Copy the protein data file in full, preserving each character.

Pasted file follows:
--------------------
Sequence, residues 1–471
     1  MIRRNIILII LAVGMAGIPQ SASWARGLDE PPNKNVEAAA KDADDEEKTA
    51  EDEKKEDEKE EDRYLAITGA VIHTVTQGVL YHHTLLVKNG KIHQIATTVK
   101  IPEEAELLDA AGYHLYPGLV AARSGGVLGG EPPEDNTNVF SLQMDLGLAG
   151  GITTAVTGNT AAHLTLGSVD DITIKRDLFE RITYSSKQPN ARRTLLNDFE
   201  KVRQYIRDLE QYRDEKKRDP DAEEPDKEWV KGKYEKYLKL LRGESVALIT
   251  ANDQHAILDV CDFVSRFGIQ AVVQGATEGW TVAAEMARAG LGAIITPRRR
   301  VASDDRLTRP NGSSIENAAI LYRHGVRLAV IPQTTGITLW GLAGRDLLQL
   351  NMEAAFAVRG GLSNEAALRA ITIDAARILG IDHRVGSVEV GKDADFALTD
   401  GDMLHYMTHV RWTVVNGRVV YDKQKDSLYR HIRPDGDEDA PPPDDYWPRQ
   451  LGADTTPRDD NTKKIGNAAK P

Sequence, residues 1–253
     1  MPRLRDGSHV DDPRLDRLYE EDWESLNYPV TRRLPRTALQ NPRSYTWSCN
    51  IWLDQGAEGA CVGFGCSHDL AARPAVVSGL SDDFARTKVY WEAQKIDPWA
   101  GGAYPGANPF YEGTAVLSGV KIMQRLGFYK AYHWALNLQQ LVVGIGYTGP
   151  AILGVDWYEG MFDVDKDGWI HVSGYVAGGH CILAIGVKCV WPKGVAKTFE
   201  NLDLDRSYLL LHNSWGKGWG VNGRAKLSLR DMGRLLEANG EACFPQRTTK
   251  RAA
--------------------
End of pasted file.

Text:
Sequence, residues 1–471
     1  MIRRNIILII LAVGMAGIPQ SASWARGLDE PPNKNVEAAA KDADDEEKTA
    51  EDEKKEDEKE EDRYLAITGA VIHTVTQGVL YHHTLLVKNG KIHQIATTVK
   101  IPEEAELLDA AGYHLYPGLV AARSGGVLGG EPPEDNTNVF SLQMDLGLAG
   151  GITTAVTGNT AAHLTLGSVD DITIKRDLFE RITYSSKQPN ARRTLLNDFE
   201  KVRQYIRDLE QYRDEKKRDP DAEEPDKEWV KGKYEKYLKL LRGESVALIT
   251  ANDQHAILDV CDFVSRFGIQ AVVQGATEGW TVAAEMARAG LGAIITPRRR
   301  VASDDRLTRP NGSSIENAAI LYRHGVRLAV IPQTTGITLW GLAGRDLLQL
   351  NMEAAFAVRG GLSNEAALRA ITIDAARILG IDHRVGSVEV GKDADFALTD
   401  GDMLHYMTHV RWTVVNGRVV YDKQKDSLYR HIRPDGDEDA PPPDDYWPRQ
   451  LGADTTPRDD NTKKIGNAAK P

Sequence, residues 1–253
     1  MPRLRDGSHV DDPRLDRLYE EDWESLNYPV TRRLPRTALQ NPRSYTWSCN
    51  IWLDQGAEGA CVGFGCSHDL AARPAVVSGL SDDFARTKVY WEAQKIDPWA
   101  GGAYPGANPF YEGTAVLSGV KIMQRLGFYK AYHWALNLQQ LVVGIGYTGP
   151  AILGVDWYEG MFDVDKDGWI HVSGYVAGGH CILAIGVKCV WPKGVAKTFE
   201  NLDLDRSYLL LHNSWGKGWG VNGRAKLSLR DMGRLLEANG EACFPQRTTK
   251  RAA